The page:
The online brokerage world changed dramatically last year after every major firm eliminated commissions and powerhouses Charles Schwab and TD Ameritrade announced a merger.
Now investors are wondering: where that leaves E-Trade?
E-Trade, which reported its fourth quarter earnings after the closing bell Thursday, now must figure out how to make up that chunk of revenue that evaporated.
It won’t be easy. Earnings per share fell nearly 30% from a year ago — worse than Wall Street’s forecasts.
Overall revenue was down 8%, but that was not as bad as analysts were expecting. Still, commissions revenue plunged 54% from the same period last year.
E-Trade, like nearly all its rivals, went to a $0 commission model for online trades last year. The rise of popular apps like Robinhood that offer free trades made this move inevitable.
The hope is to attract more customers and get them to trade more, as in making it up on volume. It’s unclear if that strategy will work.
TD Ameritrade noted in its earnings report earlier this week that “trading was very strong” in its latest quarter, with an average of 1 million trades per day, a record. And the company said it’s off to a hot start in 2020, with volume up about 40% to an average of 1.4 million daily trades.
That comes at a cost. TD Ameritrade also reported a nearly 15% drop in overall revenue for the fourth quarter as revenue from transaction fees plunged 43%.
Clearly, the move to $0 is hurting TD Ameritrade, at least in the short-term. Some have argued that eliminating commissions made the firm’s $26 billion merger with Schwab inevitable — a last ditch effort to stay competitive by partnering with a larger rival.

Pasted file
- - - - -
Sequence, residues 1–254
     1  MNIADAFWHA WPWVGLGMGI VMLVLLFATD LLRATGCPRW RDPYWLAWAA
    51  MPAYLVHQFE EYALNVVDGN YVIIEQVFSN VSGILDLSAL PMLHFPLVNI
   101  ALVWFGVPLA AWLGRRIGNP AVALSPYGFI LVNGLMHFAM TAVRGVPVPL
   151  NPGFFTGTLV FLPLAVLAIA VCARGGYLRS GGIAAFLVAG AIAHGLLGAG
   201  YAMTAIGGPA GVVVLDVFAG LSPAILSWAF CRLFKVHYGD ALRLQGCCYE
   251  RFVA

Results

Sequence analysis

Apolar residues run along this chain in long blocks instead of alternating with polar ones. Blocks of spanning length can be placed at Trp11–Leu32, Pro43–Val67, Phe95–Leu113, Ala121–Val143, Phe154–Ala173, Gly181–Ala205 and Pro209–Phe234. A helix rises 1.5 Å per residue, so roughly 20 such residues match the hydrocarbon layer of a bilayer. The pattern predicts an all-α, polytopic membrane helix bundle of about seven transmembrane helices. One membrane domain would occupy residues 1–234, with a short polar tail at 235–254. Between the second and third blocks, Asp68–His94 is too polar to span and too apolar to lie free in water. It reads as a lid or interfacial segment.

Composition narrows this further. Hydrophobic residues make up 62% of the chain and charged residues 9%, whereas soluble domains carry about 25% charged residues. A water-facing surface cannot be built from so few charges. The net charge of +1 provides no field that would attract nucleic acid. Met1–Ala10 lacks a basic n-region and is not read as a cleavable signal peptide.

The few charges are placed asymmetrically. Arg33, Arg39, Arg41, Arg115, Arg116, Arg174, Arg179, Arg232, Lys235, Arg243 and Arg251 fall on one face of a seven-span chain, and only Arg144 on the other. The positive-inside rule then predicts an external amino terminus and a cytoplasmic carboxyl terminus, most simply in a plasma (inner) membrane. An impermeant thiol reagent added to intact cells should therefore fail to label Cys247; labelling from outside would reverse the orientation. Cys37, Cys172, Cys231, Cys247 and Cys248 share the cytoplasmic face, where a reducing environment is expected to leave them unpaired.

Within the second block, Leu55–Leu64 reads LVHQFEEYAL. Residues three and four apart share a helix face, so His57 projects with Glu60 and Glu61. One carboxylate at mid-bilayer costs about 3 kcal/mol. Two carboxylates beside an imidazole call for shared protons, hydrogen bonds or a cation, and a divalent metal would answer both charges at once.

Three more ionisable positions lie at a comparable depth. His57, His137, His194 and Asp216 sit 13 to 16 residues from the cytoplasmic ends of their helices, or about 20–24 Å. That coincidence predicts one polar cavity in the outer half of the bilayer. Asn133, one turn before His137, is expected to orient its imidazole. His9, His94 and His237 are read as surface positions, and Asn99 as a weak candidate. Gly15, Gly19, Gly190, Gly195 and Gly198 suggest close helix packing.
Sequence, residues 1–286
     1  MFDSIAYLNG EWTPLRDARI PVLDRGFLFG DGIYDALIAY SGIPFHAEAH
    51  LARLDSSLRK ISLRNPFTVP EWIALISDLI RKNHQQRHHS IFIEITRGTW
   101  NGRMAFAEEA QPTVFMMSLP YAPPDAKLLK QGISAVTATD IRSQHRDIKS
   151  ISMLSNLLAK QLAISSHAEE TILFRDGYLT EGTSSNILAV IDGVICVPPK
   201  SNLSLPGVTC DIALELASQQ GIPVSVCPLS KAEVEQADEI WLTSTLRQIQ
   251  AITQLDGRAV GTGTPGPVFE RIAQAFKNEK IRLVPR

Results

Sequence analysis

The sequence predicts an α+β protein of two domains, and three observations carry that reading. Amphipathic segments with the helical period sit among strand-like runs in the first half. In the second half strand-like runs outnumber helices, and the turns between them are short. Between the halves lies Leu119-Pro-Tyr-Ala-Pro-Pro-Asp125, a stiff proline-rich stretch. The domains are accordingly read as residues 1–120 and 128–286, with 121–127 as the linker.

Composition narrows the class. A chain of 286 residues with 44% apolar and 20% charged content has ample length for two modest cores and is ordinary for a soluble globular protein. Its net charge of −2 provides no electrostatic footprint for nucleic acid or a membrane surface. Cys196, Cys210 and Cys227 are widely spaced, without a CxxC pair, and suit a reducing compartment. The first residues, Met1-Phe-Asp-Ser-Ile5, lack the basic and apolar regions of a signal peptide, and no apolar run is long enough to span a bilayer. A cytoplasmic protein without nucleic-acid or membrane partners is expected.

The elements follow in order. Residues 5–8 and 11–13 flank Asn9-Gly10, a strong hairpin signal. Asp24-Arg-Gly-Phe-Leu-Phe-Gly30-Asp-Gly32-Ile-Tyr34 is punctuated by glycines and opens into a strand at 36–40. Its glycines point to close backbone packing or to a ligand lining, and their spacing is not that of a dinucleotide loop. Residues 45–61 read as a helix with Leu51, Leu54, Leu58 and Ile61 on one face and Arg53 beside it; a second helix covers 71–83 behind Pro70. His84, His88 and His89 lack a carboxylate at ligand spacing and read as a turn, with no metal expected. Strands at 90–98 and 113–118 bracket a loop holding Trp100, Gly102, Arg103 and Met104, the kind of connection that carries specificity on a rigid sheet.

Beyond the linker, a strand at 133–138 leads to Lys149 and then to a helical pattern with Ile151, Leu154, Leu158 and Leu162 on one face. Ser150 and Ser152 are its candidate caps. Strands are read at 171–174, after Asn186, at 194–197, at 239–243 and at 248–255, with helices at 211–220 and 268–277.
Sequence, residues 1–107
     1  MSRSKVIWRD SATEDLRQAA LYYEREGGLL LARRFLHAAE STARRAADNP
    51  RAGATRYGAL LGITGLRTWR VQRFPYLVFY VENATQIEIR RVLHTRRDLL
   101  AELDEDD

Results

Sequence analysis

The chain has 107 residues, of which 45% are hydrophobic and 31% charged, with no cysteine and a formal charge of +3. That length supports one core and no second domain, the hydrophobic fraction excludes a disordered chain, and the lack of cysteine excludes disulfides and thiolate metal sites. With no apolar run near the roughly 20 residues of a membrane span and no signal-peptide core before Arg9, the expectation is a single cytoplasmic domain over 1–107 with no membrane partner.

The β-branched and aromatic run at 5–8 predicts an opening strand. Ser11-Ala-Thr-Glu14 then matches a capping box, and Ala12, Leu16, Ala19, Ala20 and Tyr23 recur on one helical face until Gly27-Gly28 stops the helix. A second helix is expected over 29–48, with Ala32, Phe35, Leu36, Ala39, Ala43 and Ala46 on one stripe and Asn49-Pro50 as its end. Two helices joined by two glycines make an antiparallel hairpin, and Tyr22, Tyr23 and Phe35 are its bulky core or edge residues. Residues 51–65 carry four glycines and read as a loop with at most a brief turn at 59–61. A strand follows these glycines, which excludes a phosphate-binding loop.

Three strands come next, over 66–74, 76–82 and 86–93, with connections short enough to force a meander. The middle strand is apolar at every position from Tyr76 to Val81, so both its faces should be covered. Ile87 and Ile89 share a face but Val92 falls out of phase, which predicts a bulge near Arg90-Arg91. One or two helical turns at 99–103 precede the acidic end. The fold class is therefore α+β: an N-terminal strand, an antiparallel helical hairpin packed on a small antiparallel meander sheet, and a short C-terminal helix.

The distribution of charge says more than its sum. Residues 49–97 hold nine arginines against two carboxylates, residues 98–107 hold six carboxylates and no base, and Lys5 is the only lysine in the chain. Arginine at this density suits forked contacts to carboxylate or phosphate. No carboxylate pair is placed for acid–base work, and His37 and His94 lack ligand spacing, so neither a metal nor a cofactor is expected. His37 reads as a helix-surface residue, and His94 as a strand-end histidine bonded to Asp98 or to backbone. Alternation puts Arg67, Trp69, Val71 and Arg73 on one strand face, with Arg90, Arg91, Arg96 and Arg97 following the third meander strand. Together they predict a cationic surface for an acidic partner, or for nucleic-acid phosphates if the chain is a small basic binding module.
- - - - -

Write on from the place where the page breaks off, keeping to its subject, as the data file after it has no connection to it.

Interactive Brokers, the firm that kicked off the move to $0 commissions last year before Schwab, TD Ameritrade and E-Trade did the same, is also struggling in the commission-free era. It reported an 18% drop in commissions revenue when it released results after the closing bell Tuesday.
Shares of Interactive Brokers fell more than 3% Wednesday on the news and was down another 1% Thursday.
E-Trade could be attractive takeover target
E-Trade’s stock dropped nearly 2% Thursday. The stock was hit hard in early October as the whole industry announced the shift to a $0 commission model.
The company’s shares have rebounded from that pullback and are actually up more than 30% from the 52-week low they hit last fall.
Part of that is due to takeover speculation, said Devin Ryan, an analyst with JMP Securities. In an interview with CNN Business, Ryan said that E-Trade could be an attractive fit for a larger financial firm.
There has been chatter about the possibility that Wall Street powerhouses Goldman Sachs or Morgan Stanley, which have stepped up their efforts to attract more average retail investors and not just the super wealthy, could be interested in E-Trade.
Ryan added that he wouldn’t rule out an eventual acquisition of E-Trade by Schwab after its merger integration with TD Ameritrade is complete.
E-Trade CEO Michael Pizzi has been coy about a potential merger, which has helped fuel the chatter.
In a conference call with analysts after E-Trade’s last earnings report in October, Pizzi said that “we are always open to look at transactions that will deliver more value for our shareholders than sort of a stand-alone performance of our business.”
Pizzi added in the call that “we’re well aware that a possible combination or alternatives could accelerate shareholder value. If that’s the case, we remain open really to all discussions, as we always have been.”
So it seems as if investors are betting that a takeover may be inevitable. But JMP Securities’ Ryan isn’t so sure.
“E-Trade still has an optimistic path forward as an independent company,” Ryan said. He pointed out that even though trading is now a commodity, E-Trade has other lucrative businesses that set it apart.
Ryan noted that about a quarter of the company’s accounts are in its corporate services division, helping to set up stock plans for big public companies. That should help soften the blow from $0 commissions.